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Palestine Popular Conference meets in Chicago

Published Aug 21, 2008 10:57 PM

Under the slogan “Reclaiming Our Voice, Reasserting Our Narrative,” hundreds of Palestinians living in the U.S. gathered in Chicago Aug. 8-10 for the first Palestine Popular Conference. It was the fruit of two years’ work in cities across the country. Nearly 800 people attended the conference cultural night on Aug. 9 and more than 500 took part in conference work.

Flag-raising ceremony at the
conference cultural night.
Photo: Raja Abdulhaq/Awda NY

The Palestine Popular Conference is part of a global effort to give voice to nearly 6 million Palestinian exiles not represented by the Palestinian Authority. Another 5 million Palestinians live under direct Israeli terror in the West Bank, Gaza and inside the Israeli apartheid state.

This year marks the 60th anniversary of Al Nakba (The Catastrophe), when the majority of Palestinians were forced into exile and the U.S.-funded settler state of Israel was erected on the ruins of their homes.

A pall was cast over the gathering by the death of Palestine’s great national poet, Mahmoud Darwish. A special session of the conference was held in his honor and the conference was given his name.

The conference heard live greetings from Palestine from leaders Fadwa Barghouti, Abla Saadat and Oum Hisham, whose husbands are in Zionist prisons, as well as Sheikh Raid Salah and Orthodox bishop Atallah Hanna. They urged the conference participants to work for a Palestinian united front and to fight for the freedom of political prisoners.

Speakers included Dr. Ghada Talhami, Dr. Naseer Aruri, Dr. Rabab Abdelhadi, Laila Al-Arian and former ambassador Clovis Maksoud. The event was enriched by the poetry of Tamim Barghouti and traditional music, spoken word and dancing. The dance troupes Firqat Al Awda from New York and Hurriyah from Washington performed the debka. Kali Akuno of the Malcolm X Grassroots Movement presented a solidarity message from the International League of People’s Struggle.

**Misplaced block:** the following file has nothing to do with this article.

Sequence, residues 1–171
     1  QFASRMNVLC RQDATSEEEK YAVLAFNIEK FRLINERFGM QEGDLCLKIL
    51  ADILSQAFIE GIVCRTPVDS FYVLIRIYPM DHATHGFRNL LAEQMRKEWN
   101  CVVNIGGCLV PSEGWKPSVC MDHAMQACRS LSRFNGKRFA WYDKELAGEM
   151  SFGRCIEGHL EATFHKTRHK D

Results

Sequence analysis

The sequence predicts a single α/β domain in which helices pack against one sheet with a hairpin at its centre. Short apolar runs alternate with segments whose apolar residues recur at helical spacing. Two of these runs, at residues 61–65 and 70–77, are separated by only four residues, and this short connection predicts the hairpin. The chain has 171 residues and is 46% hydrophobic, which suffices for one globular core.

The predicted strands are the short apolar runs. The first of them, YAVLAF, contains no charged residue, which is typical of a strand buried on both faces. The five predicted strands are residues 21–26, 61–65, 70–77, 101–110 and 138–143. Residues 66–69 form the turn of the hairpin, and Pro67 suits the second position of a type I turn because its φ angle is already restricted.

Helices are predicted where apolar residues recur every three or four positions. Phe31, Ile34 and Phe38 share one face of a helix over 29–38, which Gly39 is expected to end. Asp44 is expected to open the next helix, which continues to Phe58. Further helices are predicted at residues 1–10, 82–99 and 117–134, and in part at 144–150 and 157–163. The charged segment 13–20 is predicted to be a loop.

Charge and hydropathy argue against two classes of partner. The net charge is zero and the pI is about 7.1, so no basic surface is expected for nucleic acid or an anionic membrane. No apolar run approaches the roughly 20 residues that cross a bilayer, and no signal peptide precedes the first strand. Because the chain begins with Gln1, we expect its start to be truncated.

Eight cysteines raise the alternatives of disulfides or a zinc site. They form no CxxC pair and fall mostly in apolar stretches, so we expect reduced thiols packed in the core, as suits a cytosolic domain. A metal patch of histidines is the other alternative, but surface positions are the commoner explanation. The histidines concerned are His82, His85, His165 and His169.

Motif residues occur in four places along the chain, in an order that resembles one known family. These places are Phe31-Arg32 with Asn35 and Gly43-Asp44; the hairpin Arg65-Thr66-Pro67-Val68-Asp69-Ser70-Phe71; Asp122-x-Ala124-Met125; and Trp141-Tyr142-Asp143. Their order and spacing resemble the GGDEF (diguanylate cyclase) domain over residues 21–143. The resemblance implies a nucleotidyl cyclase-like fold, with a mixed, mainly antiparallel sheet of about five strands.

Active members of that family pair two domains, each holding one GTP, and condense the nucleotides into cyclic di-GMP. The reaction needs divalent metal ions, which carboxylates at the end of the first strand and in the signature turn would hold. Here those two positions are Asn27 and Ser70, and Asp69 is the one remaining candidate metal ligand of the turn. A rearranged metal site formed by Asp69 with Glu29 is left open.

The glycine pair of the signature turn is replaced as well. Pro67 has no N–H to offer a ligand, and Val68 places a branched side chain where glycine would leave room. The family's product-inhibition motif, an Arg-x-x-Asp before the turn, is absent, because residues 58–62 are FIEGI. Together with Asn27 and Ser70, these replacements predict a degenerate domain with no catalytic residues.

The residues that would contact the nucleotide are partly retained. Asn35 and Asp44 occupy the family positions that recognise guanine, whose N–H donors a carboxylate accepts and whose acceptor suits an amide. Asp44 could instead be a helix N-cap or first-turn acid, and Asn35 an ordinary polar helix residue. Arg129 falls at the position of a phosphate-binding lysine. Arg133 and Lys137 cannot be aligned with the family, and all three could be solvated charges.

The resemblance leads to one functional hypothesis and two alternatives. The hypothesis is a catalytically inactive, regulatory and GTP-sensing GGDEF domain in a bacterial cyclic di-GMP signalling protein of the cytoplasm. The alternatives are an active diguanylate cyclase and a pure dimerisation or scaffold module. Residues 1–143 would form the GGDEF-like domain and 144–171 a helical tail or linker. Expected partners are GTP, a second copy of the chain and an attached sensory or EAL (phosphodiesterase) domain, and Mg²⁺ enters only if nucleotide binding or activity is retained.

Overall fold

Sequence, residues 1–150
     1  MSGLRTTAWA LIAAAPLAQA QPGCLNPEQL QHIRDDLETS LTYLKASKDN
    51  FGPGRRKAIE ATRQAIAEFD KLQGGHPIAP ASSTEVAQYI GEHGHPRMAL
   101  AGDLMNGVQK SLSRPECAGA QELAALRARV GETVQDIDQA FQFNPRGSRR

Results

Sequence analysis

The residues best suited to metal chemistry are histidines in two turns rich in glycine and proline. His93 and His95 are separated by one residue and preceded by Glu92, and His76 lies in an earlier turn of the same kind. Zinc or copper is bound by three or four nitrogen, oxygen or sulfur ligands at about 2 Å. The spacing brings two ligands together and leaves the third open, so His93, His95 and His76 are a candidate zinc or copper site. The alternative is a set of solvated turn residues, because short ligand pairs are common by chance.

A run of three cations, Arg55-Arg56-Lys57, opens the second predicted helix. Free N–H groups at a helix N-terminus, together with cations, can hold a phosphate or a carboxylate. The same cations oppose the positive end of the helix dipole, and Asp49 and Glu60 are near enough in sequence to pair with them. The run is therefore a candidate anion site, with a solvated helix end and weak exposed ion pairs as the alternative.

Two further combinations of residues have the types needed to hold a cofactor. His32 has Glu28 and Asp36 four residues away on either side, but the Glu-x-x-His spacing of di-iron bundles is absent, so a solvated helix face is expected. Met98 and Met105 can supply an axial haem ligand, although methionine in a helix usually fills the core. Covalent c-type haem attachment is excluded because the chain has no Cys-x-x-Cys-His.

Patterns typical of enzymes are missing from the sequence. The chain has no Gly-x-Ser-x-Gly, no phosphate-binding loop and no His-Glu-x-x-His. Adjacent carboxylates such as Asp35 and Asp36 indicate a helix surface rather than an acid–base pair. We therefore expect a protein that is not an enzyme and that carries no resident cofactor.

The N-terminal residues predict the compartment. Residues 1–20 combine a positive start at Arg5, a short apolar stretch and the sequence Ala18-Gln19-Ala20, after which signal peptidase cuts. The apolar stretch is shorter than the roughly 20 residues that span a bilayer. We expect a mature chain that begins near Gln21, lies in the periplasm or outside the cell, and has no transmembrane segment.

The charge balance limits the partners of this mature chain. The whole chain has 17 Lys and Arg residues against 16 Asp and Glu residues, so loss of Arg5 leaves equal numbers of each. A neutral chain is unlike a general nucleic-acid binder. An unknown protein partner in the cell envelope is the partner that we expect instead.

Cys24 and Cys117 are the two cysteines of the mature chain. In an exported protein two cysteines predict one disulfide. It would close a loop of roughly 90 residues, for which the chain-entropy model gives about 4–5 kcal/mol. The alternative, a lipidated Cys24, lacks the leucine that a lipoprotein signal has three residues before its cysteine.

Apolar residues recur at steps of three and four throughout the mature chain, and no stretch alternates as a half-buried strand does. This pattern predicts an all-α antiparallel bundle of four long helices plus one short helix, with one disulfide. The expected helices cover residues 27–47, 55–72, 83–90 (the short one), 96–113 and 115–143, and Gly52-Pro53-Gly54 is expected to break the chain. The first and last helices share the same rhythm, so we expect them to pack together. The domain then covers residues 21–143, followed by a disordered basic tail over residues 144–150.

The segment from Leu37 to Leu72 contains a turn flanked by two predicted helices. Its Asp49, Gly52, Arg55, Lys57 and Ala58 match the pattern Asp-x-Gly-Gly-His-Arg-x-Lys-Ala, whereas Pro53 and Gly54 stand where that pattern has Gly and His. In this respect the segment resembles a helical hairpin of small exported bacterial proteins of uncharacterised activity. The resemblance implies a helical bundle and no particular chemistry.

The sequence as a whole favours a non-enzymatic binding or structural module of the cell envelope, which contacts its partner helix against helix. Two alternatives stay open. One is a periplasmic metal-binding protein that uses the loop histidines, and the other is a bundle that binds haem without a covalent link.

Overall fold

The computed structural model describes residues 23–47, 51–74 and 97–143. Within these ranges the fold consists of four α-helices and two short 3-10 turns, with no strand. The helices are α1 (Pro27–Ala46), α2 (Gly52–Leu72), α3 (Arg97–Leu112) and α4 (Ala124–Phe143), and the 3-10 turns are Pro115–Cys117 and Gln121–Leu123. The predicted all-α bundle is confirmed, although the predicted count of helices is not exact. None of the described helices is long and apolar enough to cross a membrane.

The conference was structured to ensure maximum participation. Many youth attended and women played a leading role. Participants ran and developed 24 workshops on such topics as women and self-determination, culture of resistance, hip-hop and spoken word, experiences of Arab youth in the U.S., defending civil rights, recording Palestinian oral history and the right of Palestinians to return to their homeland. Children had a live feed interchange with children in Balata refugee camp in the West Bank. There was also a panel on the one-state solution: the Palestine solution for the conflict.

The main events of the conference were two town hall meetings that allowed broad participation and set goals for future work. These included defense of civil rights and support work for political prisoners, working to build a representative body for Palestinians in the U.S., and developing networks of women, students and youth. It was voted to reconvene the conference on a regular basis and the conference network was renamed the Palestine Community Network.

Said California labor activist Monadel Herzallah, who chaired the conference preparatory committee: “We are building on the example of the popular institutions created in Palestine during the First Intifada; they were genuine popular organs. And the conference has succeeded in bringing together people from all spectrums of our community—women, men, the young, the older, workers, students, professionals, small business owners, those born in the homeland and those born here. We have not had this type of grassroots institutions since the Oslo Accords.

“We are saying that Palestinians living in the U.S. are an integral part of the Palestinian people and that nothing can be done in our name without our having a say.”